HP's winning bid in its brief but expensive bidding war with Dell over enterprise storage vendor 3PAR has HP's solution providers looking forward to the next round of competition in the storage and converged networking markets.
HP on Thursday bid $33 per share, or a total of about $2.4 billion, for 3PAR, causing Dell to officially give up on its bid for the company.
Dell's surprise $1.15 billion bid on August 16 for 3PAR, followed shortly by HP's $1.6 billion offer, has turned the pursuit for 3PAR into a full-fledged bidding war.
3PAR represents an important prize for Dell and HP as both look for ways to beef up their enterprise storage offerings and look towards cloud computing.
3PAR is a Fremont, Calif.-based developer of enterprise-class storage arrays featuring such services as clustering, tiered storage, and thin provisioning, which allow applications to be configured with more storage capacity than is physically available.
Thin provisioning, when combined with those other services, allows storage customers to avoid purchasing excess storage capacity to meet unexpected future requirements, and is fast becoming a key storage feature as customers look to cut hardware acquisition costs as well as the power and cooling cost associated with hardware, as well as a key technology for building cloud infrastructures.
Mark Gonzalez, president of Nth Generation, a San Diego-based solution provider and HP partner, said his first impression about HP's final bid was that it overpaid for a company with no real profits to date.
"I guess time will tell whether it was worth it," Gonzalez said. "As I predicted early on, HP was in this to win."
One of HP's challenges with 3PAR will be in its overall storage messaging, Gonzalez said. HP already has a lot of individual point products in the primary storage space, including its MSA, EVA, LeftHand, Windows-based NAS Servers, IBRIX-based NAS products, and XP, and now it is adding 3PAR.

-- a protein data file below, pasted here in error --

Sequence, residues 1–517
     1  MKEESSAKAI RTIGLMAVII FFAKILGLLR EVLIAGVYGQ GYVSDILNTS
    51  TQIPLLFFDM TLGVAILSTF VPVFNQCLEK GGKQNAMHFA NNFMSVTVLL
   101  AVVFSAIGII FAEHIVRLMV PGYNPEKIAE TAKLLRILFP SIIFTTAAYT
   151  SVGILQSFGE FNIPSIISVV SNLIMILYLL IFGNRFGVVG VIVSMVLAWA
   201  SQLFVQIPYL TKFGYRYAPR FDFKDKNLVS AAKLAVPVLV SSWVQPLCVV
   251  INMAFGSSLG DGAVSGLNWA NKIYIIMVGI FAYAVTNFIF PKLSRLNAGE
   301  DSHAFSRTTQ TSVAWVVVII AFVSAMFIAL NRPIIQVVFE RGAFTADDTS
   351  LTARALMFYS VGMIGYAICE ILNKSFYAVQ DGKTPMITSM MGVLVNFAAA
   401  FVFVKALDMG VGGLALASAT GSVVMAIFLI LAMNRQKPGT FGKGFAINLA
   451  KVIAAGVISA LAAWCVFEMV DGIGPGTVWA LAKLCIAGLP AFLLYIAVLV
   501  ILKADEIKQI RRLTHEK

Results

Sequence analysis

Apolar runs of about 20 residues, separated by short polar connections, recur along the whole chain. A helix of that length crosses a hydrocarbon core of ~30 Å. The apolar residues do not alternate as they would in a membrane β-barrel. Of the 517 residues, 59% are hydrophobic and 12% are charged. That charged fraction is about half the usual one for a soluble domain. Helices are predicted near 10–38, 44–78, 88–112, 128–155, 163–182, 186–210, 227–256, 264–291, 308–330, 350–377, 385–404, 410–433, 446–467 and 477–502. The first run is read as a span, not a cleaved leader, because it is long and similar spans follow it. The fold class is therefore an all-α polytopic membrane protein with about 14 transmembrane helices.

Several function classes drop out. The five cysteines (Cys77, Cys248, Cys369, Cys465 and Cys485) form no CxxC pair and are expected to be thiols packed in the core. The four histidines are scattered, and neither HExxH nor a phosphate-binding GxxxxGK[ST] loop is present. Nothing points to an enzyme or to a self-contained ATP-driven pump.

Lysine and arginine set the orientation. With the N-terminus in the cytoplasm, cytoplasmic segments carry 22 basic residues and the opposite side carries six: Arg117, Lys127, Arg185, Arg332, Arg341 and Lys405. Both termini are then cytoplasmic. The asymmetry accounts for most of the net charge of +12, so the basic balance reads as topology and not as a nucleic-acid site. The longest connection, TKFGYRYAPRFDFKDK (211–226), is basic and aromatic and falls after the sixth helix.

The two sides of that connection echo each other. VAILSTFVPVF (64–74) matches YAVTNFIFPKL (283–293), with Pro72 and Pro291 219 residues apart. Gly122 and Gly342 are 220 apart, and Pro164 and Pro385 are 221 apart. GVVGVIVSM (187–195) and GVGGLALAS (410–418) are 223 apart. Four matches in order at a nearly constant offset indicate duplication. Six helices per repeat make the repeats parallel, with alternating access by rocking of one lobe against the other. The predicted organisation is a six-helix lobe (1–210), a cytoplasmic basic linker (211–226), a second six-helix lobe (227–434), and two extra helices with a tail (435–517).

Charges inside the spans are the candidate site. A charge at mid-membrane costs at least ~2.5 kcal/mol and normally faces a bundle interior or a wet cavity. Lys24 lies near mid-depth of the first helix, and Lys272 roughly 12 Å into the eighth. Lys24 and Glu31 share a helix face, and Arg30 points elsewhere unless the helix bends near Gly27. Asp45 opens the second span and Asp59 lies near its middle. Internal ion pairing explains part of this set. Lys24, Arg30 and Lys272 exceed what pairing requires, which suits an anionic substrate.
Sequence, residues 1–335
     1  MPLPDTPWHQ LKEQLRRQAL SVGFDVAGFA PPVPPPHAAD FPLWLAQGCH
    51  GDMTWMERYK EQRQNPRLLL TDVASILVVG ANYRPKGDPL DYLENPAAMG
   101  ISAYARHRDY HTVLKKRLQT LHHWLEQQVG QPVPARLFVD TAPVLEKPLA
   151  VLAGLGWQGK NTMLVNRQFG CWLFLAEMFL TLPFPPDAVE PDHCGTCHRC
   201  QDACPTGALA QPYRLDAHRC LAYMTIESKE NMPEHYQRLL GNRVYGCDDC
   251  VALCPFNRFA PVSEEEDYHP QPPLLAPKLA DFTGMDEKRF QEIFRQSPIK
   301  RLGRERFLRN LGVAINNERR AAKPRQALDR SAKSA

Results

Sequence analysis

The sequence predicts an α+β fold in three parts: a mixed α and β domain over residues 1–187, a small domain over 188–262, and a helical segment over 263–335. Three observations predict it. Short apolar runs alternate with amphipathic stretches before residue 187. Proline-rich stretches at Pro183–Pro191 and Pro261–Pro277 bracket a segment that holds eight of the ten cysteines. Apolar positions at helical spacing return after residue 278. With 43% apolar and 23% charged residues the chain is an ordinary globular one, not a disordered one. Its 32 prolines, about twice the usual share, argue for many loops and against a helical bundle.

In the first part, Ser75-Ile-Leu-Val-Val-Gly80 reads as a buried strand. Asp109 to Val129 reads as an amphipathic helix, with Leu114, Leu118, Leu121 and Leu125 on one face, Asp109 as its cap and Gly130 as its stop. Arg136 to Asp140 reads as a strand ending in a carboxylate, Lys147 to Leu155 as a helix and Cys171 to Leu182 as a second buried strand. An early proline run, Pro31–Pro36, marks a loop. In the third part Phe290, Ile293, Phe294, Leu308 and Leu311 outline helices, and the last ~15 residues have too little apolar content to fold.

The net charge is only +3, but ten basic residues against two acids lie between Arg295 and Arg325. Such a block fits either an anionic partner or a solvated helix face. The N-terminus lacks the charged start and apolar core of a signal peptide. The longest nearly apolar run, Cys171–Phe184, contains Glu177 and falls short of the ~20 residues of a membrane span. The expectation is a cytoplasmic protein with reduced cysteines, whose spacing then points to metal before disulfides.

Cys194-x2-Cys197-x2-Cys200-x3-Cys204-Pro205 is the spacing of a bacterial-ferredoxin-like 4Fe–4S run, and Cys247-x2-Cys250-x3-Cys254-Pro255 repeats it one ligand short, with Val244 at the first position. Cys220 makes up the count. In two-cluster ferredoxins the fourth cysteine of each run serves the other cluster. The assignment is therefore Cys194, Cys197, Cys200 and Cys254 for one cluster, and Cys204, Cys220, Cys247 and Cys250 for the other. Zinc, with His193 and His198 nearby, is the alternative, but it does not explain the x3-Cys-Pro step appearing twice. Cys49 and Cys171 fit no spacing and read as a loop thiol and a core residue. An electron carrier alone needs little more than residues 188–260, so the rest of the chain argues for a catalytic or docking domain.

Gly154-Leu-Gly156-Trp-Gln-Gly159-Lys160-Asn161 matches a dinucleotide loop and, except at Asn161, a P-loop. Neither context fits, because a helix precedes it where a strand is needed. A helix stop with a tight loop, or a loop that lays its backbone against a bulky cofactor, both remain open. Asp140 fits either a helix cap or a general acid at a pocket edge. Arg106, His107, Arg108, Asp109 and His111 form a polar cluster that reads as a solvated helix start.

"That's a lot of products, but I don't see a real good overarching cohesive storage strategy like, for example, NetApp's Unified Storage that incorporates the entire portfolio of products," he said.
Next: HP Still Faces Storage Challenges
However, while anyone listening to an HP storage pitch will hear it as part of HP's converged infrastructure message, that pitch is quiet when it comes to HP's midrange EVA line and its enterprise-class XP line, the latter of which is OEMed from Hitachi, Gonzalez said.
"Yet those two products represent the vast majority of HP’s storage revenues," he said. "That silence makes it very difficult to retain the existing EVA installed base, let alone win new customers to those two platforms."
HP's storage challenge is maintaining its current revenue and margin requirements while waiting for its converged infrastructure storage products to gain enough traction to make a difference in market share and the bottom line, Gonzalez said.
As an analogy, Gonzalez said it is like Dave Donatelli, HP's executive vice president and general manager for enterprise servers, storage, and networking, trying to change all four tires on a car as it’s going down the highway at 65 miles per hour in the middle of a sand storm caused by the economy.
"The good news is that he has the four tires," he said. "The trick is how to change them without the car ending up in the ditch."
3PAR will bring to HP a good storage and cloud solution, as well as products which are very competitive, said Dave Butler, president of Enterprise Computing Solutions, a Mission Viejo, Calif.-based solution provider and HP partner.
HP has had a strategy of acquiring the best technology, and 3PAR is no exception, Butler said. The challenge now is to integrate it with its other storage offerings.